Before and after break in


mr man

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I have 4 15 inch subwoofers and different resellers are giving different specs its either 29 or 36 Hz fs is this after and before break in specs?
 

Slo_Ride

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29 and 36 is a big difference. What subs? Why are you going by what a reseller says instead of the actual specs of the subs?
 

THATpurpleKUSH

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I don’t know of any subs that change Fs after break in. One seller just has the wrong numbers.
This is a factually incorrect and complete ignorant statement.

When a driver's suspension loosens after break in, an inherent effect of the suspension softening is in fact a drop in fs.

The amount that fs changes depends on the driver and materials used to build it.

This change can be further backed up with equipment that can measure tsp data like the Klippel or Dayton DATS system by completing a before and after measurement of ts parameters.

That being said, manufacturer listed tsp data is rarely accurate and often manipulated by the manufacturer's marketing department. Often listed specs are an average from the production run.

The only true way to know is by physically measuring the data with a Klippel, DATS or other reputable accurate method.


edit: further example using a Blaupunkt GBW801 pre break on the left and post break in on the right.

Break in consisted of playing 25hz free air on roughly 25% power handling for 10 mins.

Note the roughly 14% drop in fs after break in, I still wouldn't call the #'s 100% accurate due to the vas measuring method needed for the DATSv2 but there's enough data there that I would call close enough to make analysis.


26141


compare that to what the manufacturer provides:

26144
 
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JRsmoothee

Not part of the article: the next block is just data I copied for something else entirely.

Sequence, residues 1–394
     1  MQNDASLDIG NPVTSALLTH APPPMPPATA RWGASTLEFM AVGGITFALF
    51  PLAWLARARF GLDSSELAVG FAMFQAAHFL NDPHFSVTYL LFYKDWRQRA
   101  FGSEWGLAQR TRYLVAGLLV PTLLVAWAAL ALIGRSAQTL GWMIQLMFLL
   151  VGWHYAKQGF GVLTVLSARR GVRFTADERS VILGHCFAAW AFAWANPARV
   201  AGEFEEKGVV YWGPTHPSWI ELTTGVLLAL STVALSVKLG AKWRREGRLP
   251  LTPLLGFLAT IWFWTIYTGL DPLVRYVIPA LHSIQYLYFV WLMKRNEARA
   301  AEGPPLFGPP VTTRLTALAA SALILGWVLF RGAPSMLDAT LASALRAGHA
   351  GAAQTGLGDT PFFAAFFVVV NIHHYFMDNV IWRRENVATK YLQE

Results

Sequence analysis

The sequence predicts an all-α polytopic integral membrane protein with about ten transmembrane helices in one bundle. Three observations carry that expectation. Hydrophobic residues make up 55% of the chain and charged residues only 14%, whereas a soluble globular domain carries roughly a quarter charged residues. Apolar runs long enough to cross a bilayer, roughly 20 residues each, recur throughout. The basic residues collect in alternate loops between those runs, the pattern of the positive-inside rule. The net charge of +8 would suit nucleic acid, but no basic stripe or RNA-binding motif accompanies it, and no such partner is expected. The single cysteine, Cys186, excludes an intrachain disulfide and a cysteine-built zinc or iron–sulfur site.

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he makes all sorts of factually incorrect statements.....as i stated in another post "he is the new forum hero/moron" and nobody should take advice from him
 
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Marve_Lous

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When a driver's suspension loosens after break in, an inherent effect of the suspension softening is in fact a drop in fs.

The amount that fs changes depends on the driver and materials used to build it.

This change can be further backed up with equipment that can measure tsp data like the Klippel or Dayton DATS system by completing a before and after measurement of ts parameters.

That being said, manufacturer listed tsp data is rarely accurate and often manipulated by the manufacturer's marketing department. Often listed specs are an average from the production run.

The only true way to know is by physically measuring the data with a Klippel, DATS or other reputable accurate method.


edit: further example using a Blaupunkt GBW801 pre break on the left and post break in on the right.

Break in consisted of playing 25hz free air on roughly 25% power handling for 10 mins.

Note the roughly 14% drop in fs after break in, I still wouldn't call the #'s 100% accurate due to the vas measuring method needed for the DATSv2 but there's enough data there that I would call close enough to make analysis.


View attachment 26141

compare that to what the manufacturer provides:

View attachment 26144
Good info. Learn something new everyday. Now I’m curious. Isn’t Fs a spec used in programs like winisd to design an enclosure? If so, if that figure will change after break in, how big of an effect does that have on the box you designed based on the pre break in figure?